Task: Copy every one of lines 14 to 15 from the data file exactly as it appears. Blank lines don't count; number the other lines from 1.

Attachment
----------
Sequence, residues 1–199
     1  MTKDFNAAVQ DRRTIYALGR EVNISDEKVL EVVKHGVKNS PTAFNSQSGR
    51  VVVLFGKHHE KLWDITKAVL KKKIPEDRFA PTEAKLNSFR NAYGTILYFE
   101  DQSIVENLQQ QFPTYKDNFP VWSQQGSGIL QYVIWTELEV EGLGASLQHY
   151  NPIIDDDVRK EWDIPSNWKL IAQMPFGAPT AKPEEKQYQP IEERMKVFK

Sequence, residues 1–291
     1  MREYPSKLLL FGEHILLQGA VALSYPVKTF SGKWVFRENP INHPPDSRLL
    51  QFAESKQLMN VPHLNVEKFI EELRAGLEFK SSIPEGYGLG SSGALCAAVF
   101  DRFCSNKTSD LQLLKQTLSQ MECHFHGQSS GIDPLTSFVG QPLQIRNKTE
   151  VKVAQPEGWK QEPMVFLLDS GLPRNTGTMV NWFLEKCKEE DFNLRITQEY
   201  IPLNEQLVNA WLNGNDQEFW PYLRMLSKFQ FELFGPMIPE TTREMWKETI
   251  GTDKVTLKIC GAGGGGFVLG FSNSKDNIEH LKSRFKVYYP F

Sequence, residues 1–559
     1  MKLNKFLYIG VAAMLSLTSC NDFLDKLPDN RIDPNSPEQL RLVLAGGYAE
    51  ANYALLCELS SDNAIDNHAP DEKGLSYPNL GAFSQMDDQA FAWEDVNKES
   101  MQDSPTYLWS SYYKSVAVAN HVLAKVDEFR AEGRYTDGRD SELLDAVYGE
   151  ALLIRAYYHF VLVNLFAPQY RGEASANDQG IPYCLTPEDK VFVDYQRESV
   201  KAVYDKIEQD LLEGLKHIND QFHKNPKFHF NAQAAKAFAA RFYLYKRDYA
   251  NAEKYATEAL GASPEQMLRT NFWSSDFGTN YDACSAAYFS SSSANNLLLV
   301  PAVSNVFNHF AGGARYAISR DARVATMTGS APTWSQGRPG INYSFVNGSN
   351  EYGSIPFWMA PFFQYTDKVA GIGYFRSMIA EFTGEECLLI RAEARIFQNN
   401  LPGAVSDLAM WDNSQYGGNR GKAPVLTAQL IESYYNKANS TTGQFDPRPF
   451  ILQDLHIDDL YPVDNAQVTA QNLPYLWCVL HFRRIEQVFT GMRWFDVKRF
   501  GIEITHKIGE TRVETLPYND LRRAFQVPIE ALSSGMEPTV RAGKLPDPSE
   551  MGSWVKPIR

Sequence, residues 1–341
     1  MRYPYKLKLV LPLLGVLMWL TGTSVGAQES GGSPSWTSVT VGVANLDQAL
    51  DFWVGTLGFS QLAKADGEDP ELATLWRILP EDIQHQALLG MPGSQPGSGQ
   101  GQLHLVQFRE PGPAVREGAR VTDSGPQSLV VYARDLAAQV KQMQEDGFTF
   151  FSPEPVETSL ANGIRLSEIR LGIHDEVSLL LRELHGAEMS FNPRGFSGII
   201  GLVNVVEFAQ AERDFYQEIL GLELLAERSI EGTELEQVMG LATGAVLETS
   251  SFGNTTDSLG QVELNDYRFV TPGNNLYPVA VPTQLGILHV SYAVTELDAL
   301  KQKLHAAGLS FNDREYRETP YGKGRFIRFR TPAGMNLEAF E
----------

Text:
     1  MKLNKFLYIG VAAMLSLTSC NDFLDKLPDN RIDPNSPEQL RLVLAGGYAE
    51  ANYALLCELS SDNAIDNHAP DEKGLSYPNL GAFSQMDDQA FAWEDVNKES